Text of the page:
Ezechiel 34: 11-12 – 1 Corinthians 15: 20-26 – Matthew 25: 31-46
Week after week day after day, perhaps multiple times during the day, we pray that what this feast day of the Church recalls and celebrates might be accomplished. How often do we say, maybe even absent-mindedly, “Thy Kingdom come.” How much what we proclaim today – Jesus Christ as King – do we wish for or do we work for in our world as well as in our daily lives?
The Feast of Christ the King, in one way, looks forward to the future, the culmination of God’s creation, when God will be: ”all in all.” So we hear from St. Matthew the description of a final judgement. But, even now, at this time, we can ask ourselves as individuals, whether we measure up to the standards of the Gospel, such as we heard. More importantly, however, in all that we hope for in our world, is the reign of God, the Kingship of Christ, what we truly desire?
Where there is hatred and injustice, do we not long for love and understanding? Where there is despair, do we long for hope? Where there is destruction, do we not long for renewal. Where there is violence, terror and war, do we not long for peace? This is striving for the Kingdom of Christ, the fulfillment of God’s plane, that we pray might be experienced even here and now.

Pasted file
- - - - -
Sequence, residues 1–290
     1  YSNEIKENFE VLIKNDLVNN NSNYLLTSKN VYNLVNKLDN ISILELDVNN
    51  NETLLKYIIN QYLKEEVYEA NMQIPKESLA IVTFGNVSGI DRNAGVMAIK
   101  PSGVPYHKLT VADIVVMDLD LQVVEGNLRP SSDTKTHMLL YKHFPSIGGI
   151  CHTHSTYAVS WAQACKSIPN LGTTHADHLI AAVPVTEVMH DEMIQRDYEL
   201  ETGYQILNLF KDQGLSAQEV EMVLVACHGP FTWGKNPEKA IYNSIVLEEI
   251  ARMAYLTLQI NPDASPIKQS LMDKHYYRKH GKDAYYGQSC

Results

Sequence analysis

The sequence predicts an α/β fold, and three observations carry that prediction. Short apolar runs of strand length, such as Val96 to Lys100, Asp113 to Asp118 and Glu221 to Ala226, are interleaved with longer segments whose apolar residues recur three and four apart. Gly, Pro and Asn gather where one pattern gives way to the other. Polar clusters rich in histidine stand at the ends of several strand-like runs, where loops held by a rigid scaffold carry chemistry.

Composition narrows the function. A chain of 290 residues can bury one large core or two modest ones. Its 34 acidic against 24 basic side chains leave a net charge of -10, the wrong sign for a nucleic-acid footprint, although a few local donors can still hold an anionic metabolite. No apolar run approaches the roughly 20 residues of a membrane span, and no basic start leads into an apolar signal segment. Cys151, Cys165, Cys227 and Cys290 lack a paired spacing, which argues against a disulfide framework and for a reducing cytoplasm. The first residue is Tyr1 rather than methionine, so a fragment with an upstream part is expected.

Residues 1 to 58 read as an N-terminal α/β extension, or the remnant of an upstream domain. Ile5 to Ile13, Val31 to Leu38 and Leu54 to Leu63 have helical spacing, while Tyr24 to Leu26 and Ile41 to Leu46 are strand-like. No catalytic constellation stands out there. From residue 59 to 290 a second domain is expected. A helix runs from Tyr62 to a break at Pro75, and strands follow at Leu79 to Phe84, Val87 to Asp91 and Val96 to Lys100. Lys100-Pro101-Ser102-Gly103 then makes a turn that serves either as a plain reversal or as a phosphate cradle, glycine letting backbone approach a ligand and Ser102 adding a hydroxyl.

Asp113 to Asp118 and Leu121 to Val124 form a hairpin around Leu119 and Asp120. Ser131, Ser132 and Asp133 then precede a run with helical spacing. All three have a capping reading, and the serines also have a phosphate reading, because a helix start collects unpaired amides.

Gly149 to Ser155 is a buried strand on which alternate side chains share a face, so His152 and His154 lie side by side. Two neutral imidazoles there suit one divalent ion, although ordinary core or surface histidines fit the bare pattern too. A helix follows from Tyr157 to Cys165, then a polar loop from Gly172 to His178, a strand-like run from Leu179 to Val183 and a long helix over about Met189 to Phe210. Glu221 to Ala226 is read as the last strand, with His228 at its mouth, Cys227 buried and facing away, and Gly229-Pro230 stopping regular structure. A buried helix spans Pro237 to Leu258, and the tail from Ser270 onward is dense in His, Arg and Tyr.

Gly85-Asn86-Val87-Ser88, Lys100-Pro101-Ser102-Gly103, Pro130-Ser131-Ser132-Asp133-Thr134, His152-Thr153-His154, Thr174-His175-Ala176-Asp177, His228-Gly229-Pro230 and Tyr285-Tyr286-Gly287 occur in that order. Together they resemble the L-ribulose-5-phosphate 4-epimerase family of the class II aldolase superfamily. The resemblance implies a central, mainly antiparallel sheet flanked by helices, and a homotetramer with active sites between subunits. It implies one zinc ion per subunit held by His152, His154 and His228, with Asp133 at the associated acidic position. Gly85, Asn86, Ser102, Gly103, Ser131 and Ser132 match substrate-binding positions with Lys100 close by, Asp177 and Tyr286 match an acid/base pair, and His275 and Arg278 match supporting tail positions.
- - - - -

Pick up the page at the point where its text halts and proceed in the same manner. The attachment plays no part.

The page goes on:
We proclaim Christ as King, with the confident hope and trust that this will come about. This celebration today prays that the message of Christ’s Gospel, Good News, will be heard – and will be lived out not only by ourselves but throughout our world.
There is no doubt that seeking to live out the Gospel is a challenge. Christ did not say that it would be easy. At times his message is rejected and even persecuted. But even in such circumstances, Jesus had declared that we are blessed.
In our world and in our lives we must persist in proclaiming Christ as King. We must proclaim that the message of his ministry, his death and his overcoming of even death in his resurrection, will be accomplished. We must live and act in such a way that Christ, and no one else, and noting else, will triumph.
May the prayer we repeat over and over again: “Thy Kingdom come” be for us a genuine commitment in faith; may we pray these words with confidence and conviction for these words express the hope and the trust we place in our truly good and gracious god